Using Natural Language Processing and Discourse Features to Identify Understanding Errors in a Spoken Dialogue System

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Using Natural Language Processing and Discourse Features to Identify
Understanding Errors in a Spoken Dialogue System
AT&T LabsResearch,180 Park Avenue,FlorhamPark,NJ,0793 2-0971,USA
Irene Langkilde ILANGKIL@ISI.EDU
USC Information Sciences Institute,4676 Admiralty Way,Marina del Rey,CA 90292,USA
While it has recently become possible to build
spoken dialogue systems that interact with users
in real-time in a range of domains,systems that
support conversational natural language are still
subject to a large number of spoken language
understanding (SLU) errors.Endowing such
systems with the ability to reliably distinguish
SLU errors from correctly understood utterances
might allow them to correct some errors auto-
matically or to interact with users to repair them,
thereby improving the system's overall perfor-
mance.We report experiments on learning to au-
tomatically distinguish SLU errors in 11,787 spo-
ken utterances collected in a eld trial of AT&T's
How May I Help You systeminteracting with live
customer trafc.We apply the automatic classi-
er RIPPER (Cohen 96) to train an SLU classier
using features that are automatically obtainable
in real-time.The classifer achieves 86% accu-
racy on this task,an improvement of 23% over
the majority class baseline.We show that the
most important features are those that the natu-
ral language understanding module can compute,
suggesting that integrating the trained classier
into the NLU module of the How May I Help You
systemshould be straightforward.
Spoken dialogue systems promise efcient and natural ac-
cess to a large variety of information sources and ser-
vices from any phone.Several hundred systems that sup-
port system-initiative dialogues are currently being eld -
tested and deployed.However systems that support mixed-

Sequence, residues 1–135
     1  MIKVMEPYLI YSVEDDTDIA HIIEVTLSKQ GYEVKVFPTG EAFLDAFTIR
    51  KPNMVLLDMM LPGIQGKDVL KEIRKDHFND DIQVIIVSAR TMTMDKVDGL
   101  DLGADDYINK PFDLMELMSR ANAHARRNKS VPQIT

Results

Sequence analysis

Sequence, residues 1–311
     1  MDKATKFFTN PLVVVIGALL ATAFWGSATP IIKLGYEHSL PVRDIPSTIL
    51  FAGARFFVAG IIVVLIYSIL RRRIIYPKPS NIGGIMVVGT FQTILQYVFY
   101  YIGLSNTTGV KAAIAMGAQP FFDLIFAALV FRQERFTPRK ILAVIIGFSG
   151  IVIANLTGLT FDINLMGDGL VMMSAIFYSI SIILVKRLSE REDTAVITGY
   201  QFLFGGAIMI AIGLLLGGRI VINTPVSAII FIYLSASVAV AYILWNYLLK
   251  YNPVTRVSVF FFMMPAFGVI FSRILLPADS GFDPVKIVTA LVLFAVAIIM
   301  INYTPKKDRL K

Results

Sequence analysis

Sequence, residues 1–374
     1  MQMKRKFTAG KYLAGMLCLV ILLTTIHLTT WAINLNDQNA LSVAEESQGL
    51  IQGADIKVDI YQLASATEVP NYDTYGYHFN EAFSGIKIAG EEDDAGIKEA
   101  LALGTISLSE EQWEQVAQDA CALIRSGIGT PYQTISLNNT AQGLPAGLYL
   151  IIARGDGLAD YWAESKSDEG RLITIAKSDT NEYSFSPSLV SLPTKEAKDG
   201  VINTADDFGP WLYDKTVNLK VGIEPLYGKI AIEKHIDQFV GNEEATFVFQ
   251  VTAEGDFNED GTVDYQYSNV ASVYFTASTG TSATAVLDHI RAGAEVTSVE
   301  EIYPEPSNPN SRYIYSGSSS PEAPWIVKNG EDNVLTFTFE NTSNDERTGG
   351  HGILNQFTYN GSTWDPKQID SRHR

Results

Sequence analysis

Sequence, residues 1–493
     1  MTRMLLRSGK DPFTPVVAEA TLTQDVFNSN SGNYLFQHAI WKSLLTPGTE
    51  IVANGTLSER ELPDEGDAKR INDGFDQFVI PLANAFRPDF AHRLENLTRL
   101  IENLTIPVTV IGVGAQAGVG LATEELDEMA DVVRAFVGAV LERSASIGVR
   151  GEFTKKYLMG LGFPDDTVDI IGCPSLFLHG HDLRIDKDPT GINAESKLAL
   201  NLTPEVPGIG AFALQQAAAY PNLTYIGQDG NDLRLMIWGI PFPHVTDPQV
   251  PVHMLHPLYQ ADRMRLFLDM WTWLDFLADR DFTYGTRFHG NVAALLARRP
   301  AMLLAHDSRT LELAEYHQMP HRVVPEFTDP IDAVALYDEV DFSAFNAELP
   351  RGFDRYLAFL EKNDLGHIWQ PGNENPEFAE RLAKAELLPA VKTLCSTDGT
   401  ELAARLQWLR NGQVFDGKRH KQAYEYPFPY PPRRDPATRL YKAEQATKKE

initiative,conversational,natural language interaction are
still subject to a large number of spoken language under-
Sample Successful Dialogue
S1:AT&T How may I help you?
U1:I need to [ uh ] put a call on my calling card please
S2:May I have your card number,please?
U2:7 6 5 4 3 2 1 0 9 8 7 6 5 4
S3:What number would you like to call?
U3:8 1 4 7 7 7 6 6 6 6 (misunderstood)
S4:May I have that number again?
U4:8 1 4 7 7 7 6 6 6 6
S5:Thank you.
standing (SLU) errors,which have a large impact on the
system's performance (Walker et al.,2000b;Walker,2000).
If it were possible to automatically recognize these errors,
we could improve the systemmanually,or even endow the
systemwith the ability to correct some errors automatically
or to interact with users to repair them.
The HowMay I Help You (HMIHY) conversational dialogue
system developed at AT&T is designed to automatically
handle a number of customer care tasks,such as person-to-
person dialing,or receiving credit for a misdialed number.
As an example of the benet of SLU error detection,con-
trast the dialogues in Tables 1 and 2 between human callers
and the HMIHY system.
HMIHY completed the dialogue in
Table 1 successfully.Note that after detecting the SLU er-
ror in utterance U3,HMIHY reprompts the user to repeat the
calling card number in utterance S4.However,the system
frequently does not detect that an SLU error has occurred.
In Table 2,the systemmisunderstands the caller's utteranc e
in U2 as a request to make a third-number call.The system
continues the dialogue with utterance S3 by asking which
number the caller would like to bill the call to.The dia-
logue ends without completing the user's task.
The phone numbers,card numbers,and pin numbers in the
sample dialogues are articial.
HMIHY fails to complete the user's task.
S1:AT&T How may I help you?
S2:Sorry.Please briey tell me how I may help you?
U2:I wanta nd out how much my bill's worth.
S3:What phone number would you like the call billed to?
U3:Um the access number.
S4:Sorry.Could I have that phone number again?
U4:1 8 hundred 2 2 5 5 2 8 8.
S5:What number would you like to call?
U5:800 225 5288 (touchtone input)
S6:Thank you.
The goal of the work described in this paper is to im-
prove HMIHY's ability to detect such SLU errors.We dis-
tinguish three classes of SLU outcomes:RCORRECT,a cor-
rectly understood utterance;RPARTIAL-MATCH a partially
understood utterance;and RMISMATCH a misunderstood
utterance.We describe experiments on learning to auto-
matically distinguish these three classes of SLU outcomes
in 11,787 spoken utterances collected in a eld trial of